Astrophel and Stella: LXIV
No more, my dear, no more these counsels try;
Oh, give my passions leave to run their race;
Let Fortune lay on me her worst disgrace;
Let folk o'ercharg'd with brain against me cry;
Let clouds bedim my face, break in mine eye;
Let me no steps but of lost labour trace;
Let all the earth with scorn recount my case,
But do not will me from my love to fly.
I do not envy Aristotle's wit,
Nor do aspire to Caesar's bleeding fame;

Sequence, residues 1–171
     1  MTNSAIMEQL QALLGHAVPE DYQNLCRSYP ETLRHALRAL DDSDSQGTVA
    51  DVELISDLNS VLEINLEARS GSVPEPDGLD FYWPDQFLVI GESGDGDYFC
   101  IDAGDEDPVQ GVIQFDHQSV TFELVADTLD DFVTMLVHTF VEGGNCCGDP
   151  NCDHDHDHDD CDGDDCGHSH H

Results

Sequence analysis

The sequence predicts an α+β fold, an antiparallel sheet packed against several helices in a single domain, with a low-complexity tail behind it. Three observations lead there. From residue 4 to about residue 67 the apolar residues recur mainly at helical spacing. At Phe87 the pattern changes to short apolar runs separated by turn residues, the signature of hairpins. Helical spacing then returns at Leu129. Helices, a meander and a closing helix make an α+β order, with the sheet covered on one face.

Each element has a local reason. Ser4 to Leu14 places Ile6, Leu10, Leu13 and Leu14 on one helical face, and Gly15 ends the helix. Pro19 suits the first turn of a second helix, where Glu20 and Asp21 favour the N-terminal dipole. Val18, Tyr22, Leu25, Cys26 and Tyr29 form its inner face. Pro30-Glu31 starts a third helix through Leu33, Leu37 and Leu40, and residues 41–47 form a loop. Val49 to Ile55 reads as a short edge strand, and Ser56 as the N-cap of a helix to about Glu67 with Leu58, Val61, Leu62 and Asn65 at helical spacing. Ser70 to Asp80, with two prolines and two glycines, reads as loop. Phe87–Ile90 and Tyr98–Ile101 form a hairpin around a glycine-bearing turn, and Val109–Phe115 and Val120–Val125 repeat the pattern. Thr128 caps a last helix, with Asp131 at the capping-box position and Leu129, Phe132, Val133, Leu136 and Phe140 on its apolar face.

Nor aught do care though some above me sit;
Nor hope nor wish another course to frame,
But that which once may win thy cruel heart:
Thou art my wit, and thou my virtue art.
by Sir Philip Sidney
| Best Poems | Short Poems
Email Poem |
More Poems by Sir Philip Sidney
Comments, Analysis, and Meaning on Astrophel and Stella: LXIV
Provide your analysis, explanation, meaning, interpretation, and comments on the poem Astrophel and Stella: LXIV here.